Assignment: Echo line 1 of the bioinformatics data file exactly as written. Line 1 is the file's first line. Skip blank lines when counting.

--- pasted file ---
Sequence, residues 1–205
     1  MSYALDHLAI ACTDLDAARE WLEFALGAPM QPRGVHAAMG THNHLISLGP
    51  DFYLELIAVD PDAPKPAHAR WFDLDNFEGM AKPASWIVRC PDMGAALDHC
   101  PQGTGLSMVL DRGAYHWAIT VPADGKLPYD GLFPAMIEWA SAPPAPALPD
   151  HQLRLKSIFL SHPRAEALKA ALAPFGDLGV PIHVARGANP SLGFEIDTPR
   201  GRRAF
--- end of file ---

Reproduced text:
Sequence, residues 1–205